Lastly, the actual content of the blog is a mix of general discussion, but also about individual products that the Professional Advantage sells. With titles such as ‘7 reasons to be excited about Microsoft Dynamics AX 7’ and ‘Upgrade or re-implement? A Microsoft Dynamics CRM 2015 story’, the intention of Professional Advantage is clear. That is, to discuss a relevant topic about their newest offering with the appearance of an unbiased slant. This is important; on one hand Professional Advantage is creating a connection and a rapport with a visitor, while on the other providing them with advice that may or may not be persuasive towards the sale of their newest products. Through the community they have created, they can also gather insights about what products customers find appealing or worthy of discussion, and can therefore target their product appropriately. This is an excellent example of a company using a blog to successfully create value across marketing and sales through a professional blog.


The News v The Law – Stupidity in a Nutshell

Last post, I discussed 7 News and their ability to be a constant presence in our lives through social media. This week, I plan to investigate some of the legal risks that may ensue from a news organisation that handles social media poorly. In particular, I want to investigate how the release of information to the public, whether knowingly or not, negatively impacts people’s lives. In the rush to get the most coverage on the break of a story, some news outlets can release facts that have not been corroborated and create some dicey legal issues, or more scarily, can endanger peoples lives. There are a few examples of this both domestically and internationally.

Starting with one of the more recent examples, the BBC found itself in hot water recently after one of its journalists mistakenly tweeted that The Queen had been admitted to hospital. While the tweet was quickly deleted, several newspapers around the world had already picked up on the story, including German and Indian newspapers. While the journalist originally stated that it was a prank, the BBC later confirmed that it was a rehearsal for the actual event that went wrong. They also confirmed that they were ‘tightening up’ their guidelines following the incident. For a reputable news organisation, this was a huge embarrassment for the BBC, but given the accidental nature of the incident, many people took the ‘live and learn’ approach to the situation.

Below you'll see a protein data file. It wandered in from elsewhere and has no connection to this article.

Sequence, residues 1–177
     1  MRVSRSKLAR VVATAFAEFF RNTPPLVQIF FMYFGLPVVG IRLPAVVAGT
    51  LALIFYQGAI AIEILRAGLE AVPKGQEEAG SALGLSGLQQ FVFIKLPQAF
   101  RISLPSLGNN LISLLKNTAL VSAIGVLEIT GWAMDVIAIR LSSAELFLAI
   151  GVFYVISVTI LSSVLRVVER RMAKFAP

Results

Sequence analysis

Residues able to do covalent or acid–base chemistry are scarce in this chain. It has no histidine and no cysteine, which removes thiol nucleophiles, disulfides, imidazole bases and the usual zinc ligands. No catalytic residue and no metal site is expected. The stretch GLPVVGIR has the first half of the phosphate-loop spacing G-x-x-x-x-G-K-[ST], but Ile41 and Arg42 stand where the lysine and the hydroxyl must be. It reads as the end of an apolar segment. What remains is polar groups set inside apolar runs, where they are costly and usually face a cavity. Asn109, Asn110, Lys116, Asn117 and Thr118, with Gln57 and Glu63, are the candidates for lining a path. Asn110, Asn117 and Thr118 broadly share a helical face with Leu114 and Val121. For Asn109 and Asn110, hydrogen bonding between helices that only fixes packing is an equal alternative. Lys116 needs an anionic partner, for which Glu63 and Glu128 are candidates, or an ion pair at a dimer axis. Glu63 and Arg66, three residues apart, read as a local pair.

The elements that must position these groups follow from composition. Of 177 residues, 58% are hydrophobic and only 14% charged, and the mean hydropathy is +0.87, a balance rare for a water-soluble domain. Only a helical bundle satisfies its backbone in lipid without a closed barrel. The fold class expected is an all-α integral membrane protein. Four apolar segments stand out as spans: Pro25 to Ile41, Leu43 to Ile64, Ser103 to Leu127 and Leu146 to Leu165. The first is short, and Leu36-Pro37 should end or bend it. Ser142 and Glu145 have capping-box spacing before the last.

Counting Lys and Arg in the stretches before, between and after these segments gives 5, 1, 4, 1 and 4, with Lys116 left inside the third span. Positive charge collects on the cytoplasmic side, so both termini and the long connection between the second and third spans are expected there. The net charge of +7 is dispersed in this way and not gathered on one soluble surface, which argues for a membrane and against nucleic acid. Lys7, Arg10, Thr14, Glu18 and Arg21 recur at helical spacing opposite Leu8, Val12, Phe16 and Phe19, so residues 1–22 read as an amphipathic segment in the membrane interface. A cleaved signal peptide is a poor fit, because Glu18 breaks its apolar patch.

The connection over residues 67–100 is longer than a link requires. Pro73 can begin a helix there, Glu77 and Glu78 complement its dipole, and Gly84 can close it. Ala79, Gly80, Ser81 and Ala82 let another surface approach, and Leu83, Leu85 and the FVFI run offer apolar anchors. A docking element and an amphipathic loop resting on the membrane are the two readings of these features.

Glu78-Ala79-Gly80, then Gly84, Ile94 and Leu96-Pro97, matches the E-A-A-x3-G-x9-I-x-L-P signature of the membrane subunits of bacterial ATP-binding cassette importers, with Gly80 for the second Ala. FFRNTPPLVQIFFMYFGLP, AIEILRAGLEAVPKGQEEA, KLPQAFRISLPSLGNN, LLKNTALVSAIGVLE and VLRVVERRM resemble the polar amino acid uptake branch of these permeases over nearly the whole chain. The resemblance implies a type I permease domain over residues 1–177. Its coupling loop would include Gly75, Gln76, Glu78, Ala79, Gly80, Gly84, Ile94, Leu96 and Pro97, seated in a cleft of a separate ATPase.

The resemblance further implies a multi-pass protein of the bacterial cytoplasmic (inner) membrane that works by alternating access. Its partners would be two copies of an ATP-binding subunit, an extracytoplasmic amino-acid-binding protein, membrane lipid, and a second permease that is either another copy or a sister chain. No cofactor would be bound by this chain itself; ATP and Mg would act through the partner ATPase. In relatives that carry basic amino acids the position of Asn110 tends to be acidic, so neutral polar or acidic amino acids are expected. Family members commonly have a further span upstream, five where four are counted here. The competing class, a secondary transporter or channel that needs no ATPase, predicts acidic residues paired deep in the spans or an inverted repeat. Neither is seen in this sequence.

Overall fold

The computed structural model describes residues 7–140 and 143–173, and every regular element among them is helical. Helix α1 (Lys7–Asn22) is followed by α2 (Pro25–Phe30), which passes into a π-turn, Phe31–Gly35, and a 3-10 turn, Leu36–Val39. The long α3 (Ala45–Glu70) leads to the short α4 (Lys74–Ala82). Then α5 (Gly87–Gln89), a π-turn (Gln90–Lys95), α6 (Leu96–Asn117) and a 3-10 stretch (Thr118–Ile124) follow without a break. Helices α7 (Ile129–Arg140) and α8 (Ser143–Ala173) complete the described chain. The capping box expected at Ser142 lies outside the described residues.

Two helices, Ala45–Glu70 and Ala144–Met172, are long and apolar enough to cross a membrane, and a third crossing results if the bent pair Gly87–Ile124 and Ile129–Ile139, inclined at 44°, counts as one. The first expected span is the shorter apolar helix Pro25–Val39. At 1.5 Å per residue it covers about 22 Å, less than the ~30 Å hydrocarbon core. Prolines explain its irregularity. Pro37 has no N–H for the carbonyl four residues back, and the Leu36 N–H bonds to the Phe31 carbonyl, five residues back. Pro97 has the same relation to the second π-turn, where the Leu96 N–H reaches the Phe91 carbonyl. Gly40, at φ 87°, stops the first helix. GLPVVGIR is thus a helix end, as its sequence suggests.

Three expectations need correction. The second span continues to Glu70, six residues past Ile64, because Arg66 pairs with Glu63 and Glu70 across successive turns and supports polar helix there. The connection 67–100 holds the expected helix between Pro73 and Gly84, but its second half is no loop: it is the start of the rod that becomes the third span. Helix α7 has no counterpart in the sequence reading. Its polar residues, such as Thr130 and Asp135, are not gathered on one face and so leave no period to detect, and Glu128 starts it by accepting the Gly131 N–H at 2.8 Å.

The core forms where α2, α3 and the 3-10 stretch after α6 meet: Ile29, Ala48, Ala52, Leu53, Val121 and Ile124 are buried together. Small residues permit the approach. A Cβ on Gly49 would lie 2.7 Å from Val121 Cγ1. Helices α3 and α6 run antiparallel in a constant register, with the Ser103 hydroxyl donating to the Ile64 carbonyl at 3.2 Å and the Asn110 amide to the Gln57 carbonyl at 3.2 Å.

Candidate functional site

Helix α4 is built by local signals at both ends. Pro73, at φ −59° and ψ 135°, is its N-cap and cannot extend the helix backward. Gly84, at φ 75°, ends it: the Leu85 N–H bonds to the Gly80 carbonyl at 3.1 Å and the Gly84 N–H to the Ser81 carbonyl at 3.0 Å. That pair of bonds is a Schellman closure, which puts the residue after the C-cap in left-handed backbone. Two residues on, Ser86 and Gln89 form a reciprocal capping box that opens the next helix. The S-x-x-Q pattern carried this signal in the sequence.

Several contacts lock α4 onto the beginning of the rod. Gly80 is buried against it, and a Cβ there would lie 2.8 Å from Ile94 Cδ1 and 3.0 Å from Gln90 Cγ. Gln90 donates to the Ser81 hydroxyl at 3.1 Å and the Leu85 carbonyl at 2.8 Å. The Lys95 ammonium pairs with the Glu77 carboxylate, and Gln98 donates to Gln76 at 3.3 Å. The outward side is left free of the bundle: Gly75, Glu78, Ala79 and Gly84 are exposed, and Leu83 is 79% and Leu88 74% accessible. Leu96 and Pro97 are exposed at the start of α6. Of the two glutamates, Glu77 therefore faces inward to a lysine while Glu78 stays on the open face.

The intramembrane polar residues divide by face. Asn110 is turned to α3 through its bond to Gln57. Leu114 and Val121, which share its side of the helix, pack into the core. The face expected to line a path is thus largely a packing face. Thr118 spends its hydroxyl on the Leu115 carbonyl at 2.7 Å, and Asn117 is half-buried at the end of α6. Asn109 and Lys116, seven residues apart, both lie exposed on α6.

An even more embarrassing moment came when San Francisco news station KTVU released highly incorrect and racist names live on air and social media for the pilots of the Asiana Airlines flight 214 that crashed in 2013, taking three lives. While first reporting that these names were confirmed by the National Transportation Safety Board, they corrected themselves later and apologized. However, not before the story was picked up elsewhere and was a complete disaster for the news station, resulting in a law suit and significant negative publicity worldwide.

Back on home soil, treasurer Joe Hockey was recently awarded $200,000 in damages from Fairfax Media due to a tweet made by the Sydney Morning Herald in July 2015. One particular phrase was determined by the courts to be defamatory; ‘Treasurer for Sale’. Joe Hockey became the first Australian politician to successfully sue over a  tweet, and given the use of social media by news outlets in increasing, he will probably not be the last.

I also want to briefly cover two incidents of a more serious nature; the coverage of the Paris terrorist attacks in January 2015 and the Sydney Siege in 2014. Both of these incidents involve poor news broadcasting on television, print and social media. Both involve the media potentially updating the perpetrator with live police and law enforcement movements and even the movements of the victims during their terrible ordeal. These are the definitive low point of what the constant strive for the most up to date and exclusive news coverage can provide and are what every news organisation has to avoid.

These sorts of situations differ from social media issues that can be resolved with the use of an employee social media policy. Here, instead of one rogue employee going on a tirade and impacting the reputation of their employer, we have organisations that negligently released information that potentially put lives at risk. A news organisation is a different entity from your normal business enterprise, and as such, they have some pretty specific legal implications from their use of social media. The Paris news agency is now facing several law suits that can hopefully set some sort of precedent, meaning that others might be guided from their mistakes.


Hot off the Press